Yes, It’s Really Raining Vampire Fish in Alaska
Four eel-like fish with jaws containing circles of teeth and multiple tongues have, in fact, fallen from the sky in Alaska. Officially known as the Arctic lamprey, they’re a yearly occurrence.
It’s not often you see a headline like “Terrifying Vampire Fish Falling from the Sky in Alaska” and can be assured it’s mostly true.
But “vampire fish” is an accurate assessment of what’s going on in towns like Fairbanks, Alaska. Think 30 Days of Night though—not Twilight.
Over the last few weeks Alaskans have reported finding non-glittery fish out of water: cold-blooded, blood-sucking monster fish have literally been falling from the sky, ostensibly swooping in on land-based prey. The creatures in question are actually arctic lampreys, parasitic fish that use several rows of grotesque teeth to latch onto other water-dwellers and suck their blood.
The Alaska Department of Fish and Game posted photos of the foot-long eel creatures on Facebook, with gaping jaws full of circles of teeth and multiple tongues—like infant version of the Sarlaac pit.
They’re scary enough in their Arctic habitat, where they survive by latching onto larger fish, sucking blood until engorged, and then detaching—sometimes killing their prey in the process.
Luckily there seems to be a less sinister explanation than a sudden mutation or evolutionary leap allowing these giant leaching eels to fly. The Department of Fish and Game seems to agree, given the explanation that they posted on Facebook:
“The answer is probably gulls. Gulls are picking them out of the Chena River with their bills and then dropping the squirming critters while in flight. Arctic lampreys spawn in the Chena River, and live in the mud underwater as juveniles for several years. However, many lifelong Alaskans have never seen one of these fascinating fish up close because their body shape and feeding habits make them difficult to catch.”
The Department of Fish and Game’s Sportfish Information Officer Nancy Sisinyak confirmed that theory, and explained that it’s not surprising they were dropped. “It’s a common occurrence that birds will drop fish. Most of the time they can hang onto them, but sometimes they just wiggle free and there you have it,” she tells The Daily Beast. “It’s pretty long and skinny a tubular. It’s a heavy load for a seagull especially the ones that get up to 15 inches. And when this thing is writhing around sometimes they do get loose.”
Despite the terrifying appearance of the fish, she says they pose little harm to humans at this point. In more than a decade working in the filed, she’s never heard of a human getting bitten. “I guess it would be possible,” she says. “But not probable.”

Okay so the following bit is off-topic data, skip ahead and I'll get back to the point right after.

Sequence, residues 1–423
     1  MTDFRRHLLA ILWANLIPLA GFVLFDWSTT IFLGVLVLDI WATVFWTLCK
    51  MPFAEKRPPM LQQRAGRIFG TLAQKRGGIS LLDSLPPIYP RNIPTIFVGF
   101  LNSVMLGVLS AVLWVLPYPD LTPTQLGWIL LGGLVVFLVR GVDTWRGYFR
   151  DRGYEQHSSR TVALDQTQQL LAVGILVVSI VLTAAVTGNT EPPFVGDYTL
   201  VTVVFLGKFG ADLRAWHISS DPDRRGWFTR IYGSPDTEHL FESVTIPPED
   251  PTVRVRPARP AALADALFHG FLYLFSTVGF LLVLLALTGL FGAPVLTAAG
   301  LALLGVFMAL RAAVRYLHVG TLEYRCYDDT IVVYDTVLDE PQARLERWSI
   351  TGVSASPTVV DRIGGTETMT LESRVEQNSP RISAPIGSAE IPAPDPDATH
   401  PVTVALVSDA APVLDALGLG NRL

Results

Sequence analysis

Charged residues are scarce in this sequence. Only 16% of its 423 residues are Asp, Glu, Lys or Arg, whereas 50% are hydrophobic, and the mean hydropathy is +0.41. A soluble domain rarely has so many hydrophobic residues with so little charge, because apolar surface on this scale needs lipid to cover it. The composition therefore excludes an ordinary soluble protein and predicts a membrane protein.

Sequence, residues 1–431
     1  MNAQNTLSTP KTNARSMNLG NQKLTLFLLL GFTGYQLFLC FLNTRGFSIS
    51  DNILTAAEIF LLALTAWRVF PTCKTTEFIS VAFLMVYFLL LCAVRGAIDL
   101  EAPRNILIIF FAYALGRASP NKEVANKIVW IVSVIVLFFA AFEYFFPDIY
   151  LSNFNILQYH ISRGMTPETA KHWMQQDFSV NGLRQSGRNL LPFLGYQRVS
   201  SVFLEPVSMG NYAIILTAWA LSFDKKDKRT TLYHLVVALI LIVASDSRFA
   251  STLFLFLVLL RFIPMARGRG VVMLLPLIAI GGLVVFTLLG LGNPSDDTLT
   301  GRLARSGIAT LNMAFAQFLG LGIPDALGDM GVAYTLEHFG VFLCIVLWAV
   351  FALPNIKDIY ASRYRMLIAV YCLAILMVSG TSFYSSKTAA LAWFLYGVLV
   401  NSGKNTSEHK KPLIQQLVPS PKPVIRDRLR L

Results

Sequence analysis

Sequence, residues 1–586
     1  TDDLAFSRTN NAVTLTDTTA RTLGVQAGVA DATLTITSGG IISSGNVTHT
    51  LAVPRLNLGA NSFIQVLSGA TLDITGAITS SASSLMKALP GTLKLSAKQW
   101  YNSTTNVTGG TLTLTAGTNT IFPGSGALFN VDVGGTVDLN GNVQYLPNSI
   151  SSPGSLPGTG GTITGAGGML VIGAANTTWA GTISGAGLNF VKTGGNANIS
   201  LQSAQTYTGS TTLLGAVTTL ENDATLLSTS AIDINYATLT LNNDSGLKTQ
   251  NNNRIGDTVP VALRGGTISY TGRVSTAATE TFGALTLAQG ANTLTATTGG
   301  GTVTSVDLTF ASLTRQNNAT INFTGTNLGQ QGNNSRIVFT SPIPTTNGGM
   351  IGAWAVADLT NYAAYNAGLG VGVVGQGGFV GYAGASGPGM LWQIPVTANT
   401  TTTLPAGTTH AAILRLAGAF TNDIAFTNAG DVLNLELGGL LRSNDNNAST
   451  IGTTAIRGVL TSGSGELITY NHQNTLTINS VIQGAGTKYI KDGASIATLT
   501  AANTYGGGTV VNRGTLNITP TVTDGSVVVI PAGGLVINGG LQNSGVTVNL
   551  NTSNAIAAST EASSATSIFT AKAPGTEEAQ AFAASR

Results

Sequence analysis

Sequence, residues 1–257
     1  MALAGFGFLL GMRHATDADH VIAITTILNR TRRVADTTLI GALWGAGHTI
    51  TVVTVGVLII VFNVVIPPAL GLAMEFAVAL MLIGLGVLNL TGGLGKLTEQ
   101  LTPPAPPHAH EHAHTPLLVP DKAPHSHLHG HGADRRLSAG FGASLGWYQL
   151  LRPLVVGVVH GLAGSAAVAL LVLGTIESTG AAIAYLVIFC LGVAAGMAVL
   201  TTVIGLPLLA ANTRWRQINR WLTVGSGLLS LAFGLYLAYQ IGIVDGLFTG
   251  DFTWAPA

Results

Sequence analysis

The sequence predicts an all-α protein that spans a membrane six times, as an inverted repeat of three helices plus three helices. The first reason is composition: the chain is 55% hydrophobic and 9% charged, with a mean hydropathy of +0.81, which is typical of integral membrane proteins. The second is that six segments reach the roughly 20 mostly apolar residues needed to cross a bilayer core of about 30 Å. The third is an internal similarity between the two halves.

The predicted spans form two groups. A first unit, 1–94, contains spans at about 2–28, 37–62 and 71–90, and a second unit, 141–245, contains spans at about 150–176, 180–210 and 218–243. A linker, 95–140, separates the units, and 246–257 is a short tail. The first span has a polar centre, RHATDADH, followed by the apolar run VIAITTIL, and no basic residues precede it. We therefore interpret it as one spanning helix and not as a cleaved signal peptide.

If there’s one thing that’s shocking Sisinyak, who’s been looking at vampire fish for years, it’s the sudden national interest—one she thinks has gotten out of hand. “It’s just crazy how this story has really been brought out of proportion,” she says. “We’ve had four reports. And haven’t had any since last week.”
The migration happens every year, and every year the vampire-like creatures rain down on Alaska. “I’ve been working here for 15 years, and I’ve never had a call about a lamprey falling from the sky,” she says.
In fact there are a few things about the lamprey people have been getting wrong. “There’s a picture floating around of a lamprey with holes, and one thing that’s being spread around is that those are marks from a bird’s beak,” says Sisinyak. “And it’s actually part of the fish—it’s where their gills are housed.”
Another theory that doesn’t add up is that the birds were bringing the lampreys in from the ocean. Considering that Fairbanks is 350 miles away from the ocean, it’s highly unlikely. It’s a longer trip up river, as they head to lay eggs. Sisinyak says that spawn “similarly to salmon,” sweep a spot out on the riverbed for their eggs with their tails.
In truth, she thinks all of this attention is probably good for people and for the lamprey. “People who wouldn’t have even known they existed, they’re learning something,” she says. “So that’s good.”
But maybe you shouldn’t rest easy just yet. The parking lot where one of the lampreys was found is a little over a quarter mile from the Chena River, an offshoot of the Tanana River, which is fed by the Yukon. The Yukon feeds directly into the ocean. That total distance is more than 500 miles, though, so even if these things can’t fly they’ve got enough energy to swim 500 miles and then fight/intimidate their way out of the talons of a bird.
Or maybe they’re just not tasty.
That’s assuming the relationship between lamprey and gull is predatory, not a partnership. If they’ve joined forces to coordinate attacks, well—we’ll miss you, Alaska.